Working At Meredith Farm

During the summer of 1964, I worked at Meredith Farm, Topsfield, MA.  During the 1950s and 1960s, Meredith was the leading Ayrshire herd on the East Coast, and only rivaled by the famous Oak Ridge herd owned by the LaFranchi Brothers at Calistoga, CA.

I was 18 years old at the time and had completed my Freshman year at the University of Minnesota. I arrived at Meredith on June 18, 1964 after a 36 hour bus ride from St. Paul. For the next six weeks I worked with heifers scheduled to be sold on August 1st at the Meredith Invitational Sale.  In August, I began working with the show cattle.

For three previous summers, I had worked at Mor-Ayr Farm, Red Wing, MN owned by Dr. R.B. Graves.  The herd manager of Mor-Ayr Farm was Jerry Strandlund who during his college days, had worked at Carnation Farms, Washington; Pineyhill Farm, New Jersey; Elmwood Farm, Illinois; and Hugo Albrecht in Minnesota. Jerry soon became one of my mentors and encouraged me to seek additional experience at well-known cattle farms.

Following the summer at Meredith,  I spent the summer of 1965 in Lapeer, Michigan where I worked at E-L-V Apache Ranch owned by Eugene Vesely and managed by Kent Mattson. The E-L-V Apache Ranch show herd travelled by semi-trailer to the Michigan State Fair, The Pennsylvania All-American at Harrisburg, and Waterloo. It was while at Meredith Farm in 1964 that I had my “boxcar adventure.”

Meredith Farm was owned by David Lambert who was the owner of Essex Supply, a wholesale hardware supplier that had extensive business in New England.

The farm of 250 acres was a picturesque setting for the beautiful Ayrshire cattle that would graze the pastures. Unique to the farm was an indoor exercise pen where the herd could go and stretch their legs on cold New England days.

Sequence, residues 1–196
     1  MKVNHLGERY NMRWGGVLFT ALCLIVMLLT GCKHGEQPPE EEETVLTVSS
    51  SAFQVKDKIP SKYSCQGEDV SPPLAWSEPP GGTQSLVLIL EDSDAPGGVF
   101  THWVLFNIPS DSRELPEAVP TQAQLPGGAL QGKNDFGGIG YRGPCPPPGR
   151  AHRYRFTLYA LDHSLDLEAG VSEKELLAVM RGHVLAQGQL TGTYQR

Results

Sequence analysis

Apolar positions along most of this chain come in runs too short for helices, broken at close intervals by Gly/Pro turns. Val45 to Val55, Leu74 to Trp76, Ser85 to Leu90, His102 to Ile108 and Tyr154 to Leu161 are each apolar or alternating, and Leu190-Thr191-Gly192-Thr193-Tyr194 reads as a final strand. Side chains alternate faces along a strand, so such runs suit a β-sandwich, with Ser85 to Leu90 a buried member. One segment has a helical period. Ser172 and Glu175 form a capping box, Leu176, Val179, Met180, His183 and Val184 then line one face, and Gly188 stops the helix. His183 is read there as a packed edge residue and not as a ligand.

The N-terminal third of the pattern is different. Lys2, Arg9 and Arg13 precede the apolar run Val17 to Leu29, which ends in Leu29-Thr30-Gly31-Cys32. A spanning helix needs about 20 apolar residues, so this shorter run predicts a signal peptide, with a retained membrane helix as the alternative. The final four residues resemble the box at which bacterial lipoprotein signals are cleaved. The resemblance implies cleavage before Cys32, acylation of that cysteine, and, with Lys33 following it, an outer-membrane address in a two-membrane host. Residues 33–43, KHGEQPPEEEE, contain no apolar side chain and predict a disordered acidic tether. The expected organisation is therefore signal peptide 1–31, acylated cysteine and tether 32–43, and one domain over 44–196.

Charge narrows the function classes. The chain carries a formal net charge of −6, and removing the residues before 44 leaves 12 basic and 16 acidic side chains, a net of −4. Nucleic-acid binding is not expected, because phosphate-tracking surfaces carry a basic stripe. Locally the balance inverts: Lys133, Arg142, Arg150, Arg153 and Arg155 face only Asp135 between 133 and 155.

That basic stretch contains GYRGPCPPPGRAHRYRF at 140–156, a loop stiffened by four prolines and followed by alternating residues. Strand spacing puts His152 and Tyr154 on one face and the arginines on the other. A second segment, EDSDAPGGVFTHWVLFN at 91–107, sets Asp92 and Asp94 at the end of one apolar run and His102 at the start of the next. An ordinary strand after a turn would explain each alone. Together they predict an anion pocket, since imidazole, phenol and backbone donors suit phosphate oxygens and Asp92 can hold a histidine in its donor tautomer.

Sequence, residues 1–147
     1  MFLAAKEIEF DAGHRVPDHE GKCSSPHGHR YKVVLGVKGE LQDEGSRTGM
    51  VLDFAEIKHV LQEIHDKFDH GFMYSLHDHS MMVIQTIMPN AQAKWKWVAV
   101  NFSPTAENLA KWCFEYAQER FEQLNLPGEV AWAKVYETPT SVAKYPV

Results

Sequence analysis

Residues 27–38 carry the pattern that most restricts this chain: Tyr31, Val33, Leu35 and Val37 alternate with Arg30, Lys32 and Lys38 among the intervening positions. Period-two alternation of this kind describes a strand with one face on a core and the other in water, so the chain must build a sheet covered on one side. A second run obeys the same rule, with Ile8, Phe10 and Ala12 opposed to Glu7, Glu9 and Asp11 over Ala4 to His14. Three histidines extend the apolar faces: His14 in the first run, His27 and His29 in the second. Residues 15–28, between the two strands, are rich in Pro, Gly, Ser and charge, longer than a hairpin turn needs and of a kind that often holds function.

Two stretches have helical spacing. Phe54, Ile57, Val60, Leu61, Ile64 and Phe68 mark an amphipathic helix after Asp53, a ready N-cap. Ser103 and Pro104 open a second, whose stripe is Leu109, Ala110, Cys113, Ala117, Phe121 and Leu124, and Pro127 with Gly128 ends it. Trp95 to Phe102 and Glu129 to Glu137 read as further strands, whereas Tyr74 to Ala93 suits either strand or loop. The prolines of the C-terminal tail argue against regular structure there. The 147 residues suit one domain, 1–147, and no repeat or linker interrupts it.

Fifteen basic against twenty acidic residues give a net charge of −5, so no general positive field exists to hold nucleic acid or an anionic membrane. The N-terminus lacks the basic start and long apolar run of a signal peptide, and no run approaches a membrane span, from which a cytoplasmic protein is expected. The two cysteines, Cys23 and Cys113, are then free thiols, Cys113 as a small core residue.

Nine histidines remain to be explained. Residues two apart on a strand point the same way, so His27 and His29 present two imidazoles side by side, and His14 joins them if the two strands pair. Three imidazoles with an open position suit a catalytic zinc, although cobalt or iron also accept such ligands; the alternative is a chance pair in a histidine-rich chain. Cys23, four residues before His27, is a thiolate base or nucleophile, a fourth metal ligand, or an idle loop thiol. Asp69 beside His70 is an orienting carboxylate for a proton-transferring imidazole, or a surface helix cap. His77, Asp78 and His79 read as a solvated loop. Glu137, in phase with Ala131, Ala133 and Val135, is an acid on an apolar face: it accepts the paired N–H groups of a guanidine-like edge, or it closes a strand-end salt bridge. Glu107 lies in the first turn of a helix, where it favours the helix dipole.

During the 1950s and 60s, Meredith showed six Grand Champion cows at Waterloo including Talisman Emerald S Trinket (1950), Sandy Springs Better Cheer in 1967 and again in 1958, and Sous L’Ombre Ideal Hyrondelle in 1963 and 1964.

Meredith Farm was managed by Arthur G. Clark, one of the finest men I have ever known. He came to Meredith in the 1950s from his native Maine and remained there until the Meredith herd was dispersed in 1968. Arthur Clark received the prestigious Klussendorf Award in 1955. Following the Meredith Dispersal,  Arthur and his daughter developed their own herd of Ayrshires.

In 1964, the Meredith herd was shown at the New York State Fair, Syracuse; Pennsylvania All-American, Harrisburg; Eastern States Exposition, Springfield, MA; the National Dairy Cattle Congress in Waterloo and the International Livestock Show in Chicago.  In 1964, Meredith Farm showed the Grand or Reserve Champion female at every show where we exhibited. At the Eastern States Exposition and the National Dairy Cattle Congress Meredith captured both the Grand and Reserve Grand Champion female banners.

I traveled with Arthur Clark and a man named “Shorty” Washington who worked the show circuit as a night line man. We traveled on the Rock Island Line by boxcar from Eastern States Exposition in Springfield, Massachusetts to National Dairy Cattle Congress in Waterloo, Iowa.

The boxcar was fitted while we were at the Eastern States Exposition. Charlie Blunt, a handyman at Meredith Farm, brought much of the necessary equipment from Topsfield to Springfield.

The boxcar measured 50 feet in length. There were four separate stalls for the cattle and a deck was constructed above the cattle to store feed and supplies. A water tank was also on the deck which operated by gravity flow. We had a gas-powered engine installed to power the milking machine. Unfortunately, the gas engine quit working on the first day of the trip  and from then on the  cows were milked by hand.

Chicago was our next stop. The Rock Island Railroad had a massive freight facility in Blue Island just east of Western Avenue at 127th street. The switch yard is situated directly south of Chicago in the gritty suburb of Blue Island, Illinois. This maze of railroad tracks is one of the most fascinating rail switch yards in the world. Nearly 100 trains plowed through Blue Island junction on a typical day, not counting the commuter trains and occasional freights on the overhead line. We had a layover of several hours before our car was switched to the line that took us into Iowa and on to Waterloo.

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